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Democrats Get On Side Of Gun Control

January 5, 2016

I have long argued that when it comes to gun control the main thing that needs to be done is find politicians with spine and the will power to fight the gun lobby.  Too many politicians have been timid.

Bit consider the timidity of elected officials  on both sides of the political divide when it came to the right of marriage for gay people.  The public surge of a demand for equal rights forced politicians to get on the correct side of the issue, and of history.  Might there be the same type of undercurrent taking place when it comes to gun control?

In an effort to expand background checks for buyers, the White House introduced a new requirement for individuals “in the business of selling firearms” to register as licensed gun dealers, effectively narrowing the so-called “gun show loophole,” which exempts most small sellers from keeping formal sales records.

The correct executive actions of President Obama today will open a loud debate on measures to curb gun violence.  That is to be expected and the NRA will make lots of money playing to the three-thumb crowd.  We have all seen this cheap theatre before.

But it appears that Democrats are going to show some spine–and I could be proven wrong on this as the campaign marches forward–but it looks as if they are going to push for the middle ground of common sense about gun control.  That is wise as they have reason to know it is a solid place to reside.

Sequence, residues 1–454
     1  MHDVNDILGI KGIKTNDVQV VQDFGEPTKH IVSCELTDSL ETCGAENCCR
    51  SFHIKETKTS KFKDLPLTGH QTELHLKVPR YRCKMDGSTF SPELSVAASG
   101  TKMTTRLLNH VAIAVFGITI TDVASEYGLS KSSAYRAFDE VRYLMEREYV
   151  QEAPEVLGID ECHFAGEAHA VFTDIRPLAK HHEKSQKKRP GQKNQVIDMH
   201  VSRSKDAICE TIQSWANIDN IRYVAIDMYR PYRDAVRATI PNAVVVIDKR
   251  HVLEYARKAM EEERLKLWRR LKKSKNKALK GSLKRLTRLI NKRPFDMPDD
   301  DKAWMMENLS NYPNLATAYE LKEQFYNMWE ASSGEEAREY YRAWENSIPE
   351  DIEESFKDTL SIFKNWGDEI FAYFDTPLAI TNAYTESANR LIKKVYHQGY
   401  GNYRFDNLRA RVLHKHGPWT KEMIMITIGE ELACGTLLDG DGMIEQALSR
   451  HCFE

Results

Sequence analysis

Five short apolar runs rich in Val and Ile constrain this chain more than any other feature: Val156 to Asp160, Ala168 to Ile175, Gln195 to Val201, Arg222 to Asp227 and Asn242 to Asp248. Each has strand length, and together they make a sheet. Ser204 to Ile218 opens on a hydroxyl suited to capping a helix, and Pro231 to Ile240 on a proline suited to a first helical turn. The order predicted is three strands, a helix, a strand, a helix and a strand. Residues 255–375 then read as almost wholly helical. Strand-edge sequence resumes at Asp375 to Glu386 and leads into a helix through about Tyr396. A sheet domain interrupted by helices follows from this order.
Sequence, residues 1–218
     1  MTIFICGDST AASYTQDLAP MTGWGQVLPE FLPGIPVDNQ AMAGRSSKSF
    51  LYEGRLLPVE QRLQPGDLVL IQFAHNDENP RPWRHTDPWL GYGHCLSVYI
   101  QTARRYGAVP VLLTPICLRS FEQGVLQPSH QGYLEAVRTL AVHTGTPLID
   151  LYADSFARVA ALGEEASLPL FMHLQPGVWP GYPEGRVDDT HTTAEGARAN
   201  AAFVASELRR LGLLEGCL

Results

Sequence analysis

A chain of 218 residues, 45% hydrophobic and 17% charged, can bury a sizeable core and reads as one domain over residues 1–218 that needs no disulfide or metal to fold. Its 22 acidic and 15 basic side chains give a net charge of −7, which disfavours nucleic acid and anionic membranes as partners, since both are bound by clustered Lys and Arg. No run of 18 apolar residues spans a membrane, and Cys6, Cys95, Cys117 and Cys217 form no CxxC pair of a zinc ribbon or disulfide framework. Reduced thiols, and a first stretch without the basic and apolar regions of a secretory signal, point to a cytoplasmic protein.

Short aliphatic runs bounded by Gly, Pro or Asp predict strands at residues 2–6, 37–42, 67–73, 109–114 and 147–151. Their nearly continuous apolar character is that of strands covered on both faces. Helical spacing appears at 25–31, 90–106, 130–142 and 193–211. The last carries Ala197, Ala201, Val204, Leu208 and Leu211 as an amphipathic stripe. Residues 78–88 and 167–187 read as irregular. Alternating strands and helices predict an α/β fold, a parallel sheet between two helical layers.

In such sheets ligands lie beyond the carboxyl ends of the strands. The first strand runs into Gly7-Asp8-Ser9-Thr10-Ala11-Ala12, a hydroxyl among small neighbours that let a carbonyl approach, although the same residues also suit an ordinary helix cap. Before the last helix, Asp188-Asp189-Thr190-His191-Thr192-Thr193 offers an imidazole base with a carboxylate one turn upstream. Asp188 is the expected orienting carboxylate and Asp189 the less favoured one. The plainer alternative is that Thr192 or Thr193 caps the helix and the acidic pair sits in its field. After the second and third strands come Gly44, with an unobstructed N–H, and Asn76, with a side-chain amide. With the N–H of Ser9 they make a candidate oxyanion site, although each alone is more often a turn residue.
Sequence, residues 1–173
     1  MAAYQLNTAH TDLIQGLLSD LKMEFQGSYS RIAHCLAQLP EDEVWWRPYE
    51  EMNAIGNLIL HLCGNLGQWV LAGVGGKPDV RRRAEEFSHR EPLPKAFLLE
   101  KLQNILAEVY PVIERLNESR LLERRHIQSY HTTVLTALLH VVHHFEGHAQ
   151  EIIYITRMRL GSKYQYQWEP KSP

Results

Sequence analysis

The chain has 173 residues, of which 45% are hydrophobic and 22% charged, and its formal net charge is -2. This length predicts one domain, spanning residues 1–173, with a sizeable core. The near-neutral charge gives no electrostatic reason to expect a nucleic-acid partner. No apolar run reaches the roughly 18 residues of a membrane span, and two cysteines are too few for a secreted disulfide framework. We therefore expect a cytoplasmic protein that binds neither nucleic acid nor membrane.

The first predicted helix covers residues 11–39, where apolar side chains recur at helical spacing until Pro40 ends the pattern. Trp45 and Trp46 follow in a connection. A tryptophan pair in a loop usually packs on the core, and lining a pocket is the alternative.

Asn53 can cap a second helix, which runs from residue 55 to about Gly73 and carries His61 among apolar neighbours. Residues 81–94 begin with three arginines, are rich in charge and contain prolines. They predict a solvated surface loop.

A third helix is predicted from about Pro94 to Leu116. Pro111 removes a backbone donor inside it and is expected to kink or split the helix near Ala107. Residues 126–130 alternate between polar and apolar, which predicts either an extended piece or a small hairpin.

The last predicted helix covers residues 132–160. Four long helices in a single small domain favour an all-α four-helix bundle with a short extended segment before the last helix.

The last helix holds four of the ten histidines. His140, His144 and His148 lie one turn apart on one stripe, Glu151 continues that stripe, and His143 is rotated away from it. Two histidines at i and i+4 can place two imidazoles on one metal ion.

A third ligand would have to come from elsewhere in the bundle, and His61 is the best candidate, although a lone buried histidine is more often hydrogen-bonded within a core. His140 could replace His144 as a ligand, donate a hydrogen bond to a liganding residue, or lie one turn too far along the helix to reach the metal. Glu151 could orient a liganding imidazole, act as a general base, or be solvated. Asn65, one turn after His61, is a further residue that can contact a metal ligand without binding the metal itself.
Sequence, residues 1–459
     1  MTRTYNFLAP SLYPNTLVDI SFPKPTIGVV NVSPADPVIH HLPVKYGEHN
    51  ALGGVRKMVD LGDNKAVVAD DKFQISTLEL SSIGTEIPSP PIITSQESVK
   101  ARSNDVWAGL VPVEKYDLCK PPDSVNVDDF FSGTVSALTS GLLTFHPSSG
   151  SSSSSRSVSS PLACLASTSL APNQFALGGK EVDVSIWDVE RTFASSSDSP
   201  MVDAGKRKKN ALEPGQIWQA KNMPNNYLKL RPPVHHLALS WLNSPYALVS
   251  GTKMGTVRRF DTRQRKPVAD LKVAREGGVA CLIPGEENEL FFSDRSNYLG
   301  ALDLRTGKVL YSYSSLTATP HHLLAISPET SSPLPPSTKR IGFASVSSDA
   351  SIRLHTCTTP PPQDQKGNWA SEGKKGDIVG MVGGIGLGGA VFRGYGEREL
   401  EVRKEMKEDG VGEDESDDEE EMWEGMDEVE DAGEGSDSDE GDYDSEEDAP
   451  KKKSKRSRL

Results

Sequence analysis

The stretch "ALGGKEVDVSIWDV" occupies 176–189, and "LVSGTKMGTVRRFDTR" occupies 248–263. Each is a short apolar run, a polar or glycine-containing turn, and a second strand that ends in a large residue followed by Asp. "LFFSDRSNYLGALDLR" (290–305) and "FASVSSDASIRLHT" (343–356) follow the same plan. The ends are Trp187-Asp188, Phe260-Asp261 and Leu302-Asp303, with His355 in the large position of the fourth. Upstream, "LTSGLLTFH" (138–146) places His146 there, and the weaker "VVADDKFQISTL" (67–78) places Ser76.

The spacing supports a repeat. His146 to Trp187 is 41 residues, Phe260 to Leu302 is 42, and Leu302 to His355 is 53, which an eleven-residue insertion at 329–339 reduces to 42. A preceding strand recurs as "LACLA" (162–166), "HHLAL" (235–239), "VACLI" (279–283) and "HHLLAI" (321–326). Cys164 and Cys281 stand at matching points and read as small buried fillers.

Carl Bialik in FiveThirtyEight: “In dozens of polls over the past two decades, Americans have been asked if they support expanding background checks for the purchase of firearms … Consistently, at least 70 percent of Americans said they favor background checks. Often, far more do. In October, a CBS News/New York Times poll found that 92 percent of Americans — including 87 percent of Republicans — favor background checks for all gun buyers.”

“The popularity of background checks transcends age, political party, gender, education and even gun ownership. Last month, Quinnipiac University asked Americans whether they support a law requiring background checks for sales at gun shows or online. At least 84 percent of every one of 15 subgroups — including Republicans, men, gun owners and people living in rural areas — said ‘yes.’”

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